Investment-grade bond funds saw outflows of $2.859 billion, while junk bond funds had inflows of $1.852 billion (from Lipper).

Freddie Mac 30-year fixed mortgage rates added a basis point to 4.53% (up 50bps y-o-y). Fifteen-year rates gained three bps to 4.02% (up 73bps). Five-year hybrid ARM rates jumped 12 bps to 3.86% (up 58bps). Bankrate's survey of jumbo mortgage borrowing costs had 30-yr fixed rates down two bps to 4.56% (up 45bps).

Federal Reserve Credit last week declined $9.1bn to $4.251 TN. Over the past year, Fed Credit contracted $176bn, or 4.0%. Fed Credit inflated $1.440 TN, or 51%, over the past 297 weeks. Elsewhere, Fed holdings for foreign owners of Treasury, Agency Debt gained $9.7bn last week to $3.405 TN. "Custody holdings" were up $82.9bn y-o-y, or 2.5%.

M2 (narrow) "money" supply gained $8.3bn last week to a record $14.141 TN. "Narrow money" gained $622bn, or 4.6%, over the past year. For the week, Currency increased $2.3bn. Total Checkable Deposits rose $8.3bn, while Savings Deposits declined $8.0bn. Small Time Deposits gained $3.2bn. Retail Money Funds added $2.2bn.

Total money market fund assets jumped $28.9bn to $2.851 TN. Money Funds gained $224bn y-o-y, or 8.5%.

Total Commercial Paper rose $10.0bn to $1.075 TN. CP gained $114bn y-o-y, or 11.9%.

Currency Watch:

The U.S. dollar index gained 0.8% to 94.677 (up 2.8% y-t-d). For the week on the upside, the South African rand increased 1.5%, the Mexican peso 0.8% and the Brazilian real 0.3%. For the week on the downside, the Swedish krona declined 1.8%, the Japanese yen 1.7%, the Swiss franc 1.2%, the New Zealand dollar 1.1%, the Norwegian krone 1.1%, the South Korean won 0.7%, the Canadian dollar 0.6%, the Singapore dollar 0.6%, the euro 0.5%, the British pound 0.5% and the Australian dollar 0.1%. The Chinese renminbi declined 0.73% versus the dollar this week (down 2.76% y-t-d).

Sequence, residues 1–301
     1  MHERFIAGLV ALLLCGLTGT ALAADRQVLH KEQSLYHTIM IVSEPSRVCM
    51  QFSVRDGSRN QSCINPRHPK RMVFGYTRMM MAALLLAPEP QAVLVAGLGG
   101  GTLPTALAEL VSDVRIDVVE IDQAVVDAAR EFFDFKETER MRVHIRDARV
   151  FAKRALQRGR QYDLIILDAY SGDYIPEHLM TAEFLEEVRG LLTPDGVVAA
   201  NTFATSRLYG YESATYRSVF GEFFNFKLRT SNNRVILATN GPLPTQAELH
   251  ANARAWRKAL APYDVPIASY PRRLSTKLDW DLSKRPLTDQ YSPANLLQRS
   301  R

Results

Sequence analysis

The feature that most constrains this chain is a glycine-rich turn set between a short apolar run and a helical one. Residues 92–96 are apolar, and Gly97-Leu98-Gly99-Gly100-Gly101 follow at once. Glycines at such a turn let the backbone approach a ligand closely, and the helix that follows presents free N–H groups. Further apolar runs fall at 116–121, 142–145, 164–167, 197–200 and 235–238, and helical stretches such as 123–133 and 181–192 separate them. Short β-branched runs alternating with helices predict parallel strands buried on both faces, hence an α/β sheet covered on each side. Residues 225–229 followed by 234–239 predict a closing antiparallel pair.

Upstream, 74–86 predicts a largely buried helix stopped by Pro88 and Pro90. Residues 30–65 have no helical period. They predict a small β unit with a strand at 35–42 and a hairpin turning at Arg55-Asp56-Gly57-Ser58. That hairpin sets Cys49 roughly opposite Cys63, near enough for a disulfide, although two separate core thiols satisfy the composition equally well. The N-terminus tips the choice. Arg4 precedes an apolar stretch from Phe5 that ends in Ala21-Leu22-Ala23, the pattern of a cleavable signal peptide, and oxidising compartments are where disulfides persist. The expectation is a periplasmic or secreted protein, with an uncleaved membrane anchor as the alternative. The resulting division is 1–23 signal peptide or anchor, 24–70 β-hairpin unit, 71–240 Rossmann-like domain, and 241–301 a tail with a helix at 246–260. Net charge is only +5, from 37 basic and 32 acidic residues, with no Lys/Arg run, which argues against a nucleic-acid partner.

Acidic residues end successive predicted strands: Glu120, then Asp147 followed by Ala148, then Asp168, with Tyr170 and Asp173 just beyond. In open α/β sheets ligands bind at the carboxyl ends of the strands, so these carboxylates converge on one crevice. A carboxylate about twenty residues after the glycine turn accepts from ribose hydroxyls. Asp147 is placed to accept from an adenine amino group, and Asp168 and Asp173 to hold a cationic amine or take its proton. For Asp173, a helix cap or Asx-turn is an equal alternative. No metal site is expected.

Commodities Watch:

July 12 - Bloomberg (Robert Burgess): "Plunge, tumble and rout are overused by the financial media to describe a market in decline, but such superlatives would not be out of place to describe what's happening to commodities. The Bloomberg Commodity Index of 25 raw materials ranging from oil to copper to cattle dropped as much as 2.80% on Wednesday, the most since 2014, before closing at its lowest level since December. That brought the gauge's decline to 8.88% from this year's peak in late May."

July 11 - Reuters (Manolo Serapio Jr): "Copper, zinc and lead prices slumped to their weakest in about a year and other metals also sank in a broad selloff on Wednesday after the United States raised the stakes in a trade war with China with threats of more tariffs. The Trump administration said it would slap 10% tariffs on another $200 billion worth of Chinese imports, raising fears the festering trade dispute between the world's two biggest economies could hit global growth."

July 11 - MarketWatch (Myra P. Saefong and Sarah McFarlane): "Oil futures finished sharply lower Wednesday, with the U.S. benchmark registering its sharpest daily slump in about 13 months as fears of flagging demand and renewed production from Libya overshadowed a report showing the biggest weekly drop in domestic crude supplies in nearly two years. August WTI crude, the U.S. benchmark, fell $3.73, or 5%, to $70.38 a barrel…"

The Goldman Sachs Commodities Index sank 3.6% (up 4.7% y-t-d). Spot Gold lost 1.1% to $1,241 (down 4.7%). Silver dropped 1.6% to $15.815 (down 7.8%). Crude dropped $2.79 to $77.01 (up 18%). Gasoline was little changed (up 17%), while Natural Gas sank 3.7% (down 7%). Copper dropped 1.7% (down 16%). Wheat fell 3.5% (up 16%). Corn sank 4.9% (up 1%).

Trump Administration Watch: